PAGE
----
This blog is part of a series related to Gov 1347: Election Analytics, a course at Harvard University taught by Professor Ryan D. Enos.
This week, I am looking at incumbency and the unique position that incumbents have in presidential elections. I’ll start off by evaluating some of the advantages that incumbents have and then build a few models that use incumbency. At the end, I compare my models to the Time For Change Model and then make predictions for the 2020 election.
“Incumbency Advantage” is one of those terms that always gets thrown around on TV networks during election years and you might even vaguely remember reading about it in your high school civics textbook. But, what does “incumbency advantage” actually mean? Is it just the fact that being an incumbent makes voters more likely to vote for you? Well, yes and no.
The “incumbent” label on a ballot might not solely persuade voters to vote for one candidate over another. However, the power of the presidency, specifically federal spending, does show evidence of giving the incumbent candidate an advantage over his or her opponent.
Another area where incumbents have an advantage is in campaign finance. Historically, most incumbents have been backed by their parties during their re-election. So, most incumbents don’t need to worry about having to win a primary first before tackling the general. The current President, Donald Trump, even started his re-election campaign on the day of inauguration. This gave him a huge early advantage in terms of receiving donations before his opponent:
During the first two years of Trump’s presidency, as shown in the graph, he raised almost $30 million towards his re-election while Trump’s opponent, Joe Biden, barely scratched the surface. While Trump’s re-election campaign might not have been able to sustain that financial lead forever, it can still be counted as an example of incumbency advantage. The data for individual contributions come from the Federal Election Commission.
Models Using Incumbency
Now that we can see some of the benefits that incumbents have, how can we incorporate incumbency into our 2020 election prediction models? I already had a glimpse of how incumbency can change models in a previous blog post, so I’m going to do the same thing of adding in incumbency as a predictor.
In the four models I create below, I chose to include a mix of the following predictors: average national poll, incumbency, Gallup job approval ratings, and the interaction between incumbency and Gallup job approval ratings to try and predict two-party popular vote. My models used election data from every presidential election from 1968 to 2012. After creating four models based on these predictors, I compare my four models with the Time For Change model created by Alan Abramowitz. The Time For Change model evaluated data on incumbent party candidates from 1948 to 2012. I chose to leave out data from 2016 to test some of these models using leave-one-out validation at the end. I also chose to exclude any GDP data given my previous analysis of it being a poor predictor in 2020 due to the COVID-19 pandemic.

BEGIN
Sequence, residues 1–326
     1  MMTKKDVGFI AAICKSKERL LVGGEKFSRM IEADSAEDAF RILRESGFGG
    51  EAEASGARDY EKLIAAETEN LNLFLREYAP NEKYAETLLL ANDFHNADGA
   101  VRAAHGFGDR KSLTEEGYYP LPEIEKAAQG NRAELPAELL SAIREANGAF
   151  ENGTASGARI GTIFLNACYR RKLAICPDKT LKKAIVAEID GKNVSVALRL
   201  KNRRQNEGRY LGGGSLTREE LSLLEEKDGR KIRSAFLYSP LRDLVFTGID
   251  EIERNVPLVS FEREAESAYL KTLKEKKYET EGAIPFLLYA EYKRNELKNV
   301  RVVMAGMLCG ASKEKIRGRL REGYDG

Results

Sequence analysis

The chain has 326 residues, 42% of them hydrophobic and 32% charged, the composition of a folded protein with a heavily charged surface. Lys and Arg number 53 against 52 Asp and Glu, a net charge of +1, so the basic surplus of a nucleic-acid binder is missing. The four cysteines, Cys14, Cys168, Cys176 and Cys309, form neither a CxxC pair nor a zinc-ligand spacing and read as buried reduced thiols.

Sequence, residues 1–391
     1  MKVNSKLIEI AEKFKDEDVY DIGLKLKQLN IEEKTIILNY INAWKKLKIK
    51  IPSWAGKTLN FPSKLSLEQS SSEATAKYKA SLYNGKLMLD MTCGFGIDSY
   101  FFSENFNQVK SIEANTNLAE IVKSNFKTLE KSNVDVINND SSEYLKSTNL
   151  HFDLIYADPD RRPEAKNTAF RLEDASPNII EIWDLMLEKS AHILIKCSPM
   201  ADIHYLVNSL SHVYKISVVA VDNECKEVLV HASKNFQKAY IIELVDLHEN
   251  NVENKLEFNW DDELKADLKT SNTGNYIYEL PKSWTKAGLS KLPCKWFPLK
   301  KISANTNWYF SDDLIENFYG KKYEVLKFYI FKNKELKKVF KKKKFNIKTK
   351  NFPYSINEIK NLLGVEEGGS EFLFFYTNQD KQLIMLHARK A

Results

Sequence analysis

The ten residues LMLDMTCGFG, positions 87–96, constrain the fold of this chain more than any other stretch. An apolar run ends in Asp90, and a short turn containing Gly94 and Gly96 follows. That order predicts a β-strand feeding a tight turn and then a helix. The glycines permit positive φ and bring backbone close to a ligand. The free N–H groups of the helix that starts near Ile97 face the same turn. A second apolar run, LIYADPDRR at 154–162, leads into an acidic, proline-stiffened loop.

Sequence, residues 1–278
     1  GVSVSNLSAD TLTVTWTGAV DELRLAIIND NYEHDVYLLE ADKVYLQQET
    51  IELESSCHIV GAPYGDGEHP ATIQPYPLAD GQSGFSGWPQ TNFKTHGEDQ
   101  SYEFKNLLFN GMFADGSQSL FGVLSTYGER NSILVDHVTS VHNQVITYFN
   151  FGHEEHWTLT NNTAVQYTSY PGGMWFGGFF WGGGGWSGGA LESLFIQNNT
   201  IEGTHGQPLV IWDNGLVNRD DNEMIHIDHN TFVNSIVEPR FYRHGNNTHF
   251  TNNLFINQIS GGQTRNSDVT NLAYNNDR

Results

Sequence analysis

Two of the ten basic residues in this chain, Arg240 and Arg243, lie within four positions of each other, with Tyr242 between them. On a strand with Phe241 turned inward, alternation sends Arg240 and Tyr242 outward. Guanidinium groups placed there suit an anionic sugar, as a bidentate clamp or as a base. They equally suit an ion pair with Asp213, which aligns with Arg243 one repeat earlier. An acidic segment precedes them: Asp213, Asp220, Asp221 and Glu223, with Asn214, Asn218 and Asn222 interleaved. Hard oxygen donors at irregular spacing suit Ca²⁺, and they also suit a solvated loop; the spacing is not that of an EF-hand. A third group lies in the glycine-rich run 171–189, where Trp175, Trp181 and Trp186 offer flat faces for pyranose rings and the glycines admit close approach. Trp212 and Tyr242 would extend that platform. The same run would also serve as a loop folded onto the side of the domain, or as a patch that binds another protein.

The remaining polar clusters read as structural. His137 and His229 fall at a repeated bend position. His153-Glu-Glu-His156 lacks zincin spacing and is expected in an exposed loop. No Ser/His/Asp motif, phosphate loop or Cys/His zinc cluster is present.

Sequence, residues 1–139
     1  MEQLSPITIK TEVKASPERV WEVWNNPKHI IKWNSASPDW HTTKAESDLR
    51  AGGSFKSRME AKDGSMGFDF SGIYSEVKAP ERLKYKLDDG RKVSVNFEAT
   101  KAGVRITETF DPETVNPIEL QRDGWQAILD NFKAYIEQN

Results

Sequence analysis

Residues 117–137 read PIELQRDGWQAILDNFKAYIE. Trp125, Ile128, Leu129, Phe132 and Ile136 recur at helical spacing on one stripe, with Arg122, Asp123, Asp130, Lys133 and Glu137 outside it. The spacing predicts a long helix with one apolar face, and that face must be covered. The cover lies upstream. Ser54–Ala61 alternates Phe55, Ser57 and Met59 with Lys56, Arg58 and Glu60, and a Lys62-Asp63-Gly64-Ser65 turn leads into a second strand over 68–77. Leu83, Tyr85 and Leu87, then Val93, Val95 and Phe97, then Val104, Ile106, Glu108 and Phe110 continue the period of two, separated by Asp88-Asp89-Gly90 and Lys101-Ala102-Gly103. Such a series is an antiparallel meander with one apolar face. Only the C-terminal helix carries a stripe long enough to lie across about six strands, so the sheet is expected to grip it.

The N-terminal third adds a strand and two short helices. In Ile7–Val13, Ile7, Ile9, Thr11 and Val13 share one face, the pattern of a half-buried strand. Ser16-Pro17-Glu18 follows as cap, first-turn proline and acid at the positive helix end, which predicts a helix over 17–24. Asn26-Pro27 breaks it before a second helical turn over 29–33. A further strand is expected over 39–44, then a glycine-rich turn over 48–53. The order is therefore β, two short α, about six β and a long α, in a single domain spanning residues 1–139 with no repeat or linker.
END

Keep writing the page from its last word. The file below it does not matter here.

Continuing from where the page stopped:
Average poll is an average of national polls 22 weeks or closer to Election Day. Job Approval is an average of the Gallup job approval ratings from June 1 to Election Day. I chose to exclude polls outside this range because of evidence that polls get better as they approach Election Day and to keep this consistent throughout my blogs.
Evaluating the effectiveness of my models, we can see that Model 4, which used all predictors and the interaction term, had the highest R-Squared and Adjusted R-Squared values of 0.75 and 0.69. However, the Time For Change model did not do poorly either, with a R-Squared value of 0.70 and Adjusted R-Squared of 0.63.
In further analysis, leave-one-out validation using the 2016 election, of these two models, the Time For Change model correctly predicted Hillary Clinton’s loss against Donald Trump by giving her a two-party popular vote of 48.3%. However, Clinton actually won the popular vote in 2016 with 51.2% of the two-party popular vote. So, my Model 4 did better than the Time For Change model in terms of evaluating the popular vote by predicting a two-party popular vote of 51.3% for Clinton (after scaling to a 100% total). Looking at a graph comparing the actual and predicted two-party popular vote of past Presidents, we can see that this model does pretty well:
But to see the major differences between Model 4 and the Time For Change model, I evaluate the regression coefficients and their distributions:
The key difference lies in how incumbency affects each model. We can see that the Time For Change model gives incumbency a higher coefficient and a wider distribution because it does not use an interaction between Gallup job approval and incumbency. My Model 4 looks at this interaction and changes the effect of job approval ratings for incumbents compared to challengers. I think this makes sense, given that higher job approval ratings should benefit the incumbent more than the challenger. This is also my attempt at slightly evaluating incumbency more than just looking at the general label of “incumbent”.
My Model 4 predicts a 52.5% two-party popular vote win for Biden (after scaling to a 100% total). The Time For Change model predicts that Biden will have a blow-out victory with 69.1% two-party popular vote win. The unusually high prediction of the Time For Change model is exactly why I chose to leave out GDP data in my models. My previous analysis of GDP data in presidential election models found it to have wide margins and highly susceptible to outliers, such as the one caused by COVID-19 used in the Time For Change model.
All the code, data, and graphics for this blog post are available on GitHub.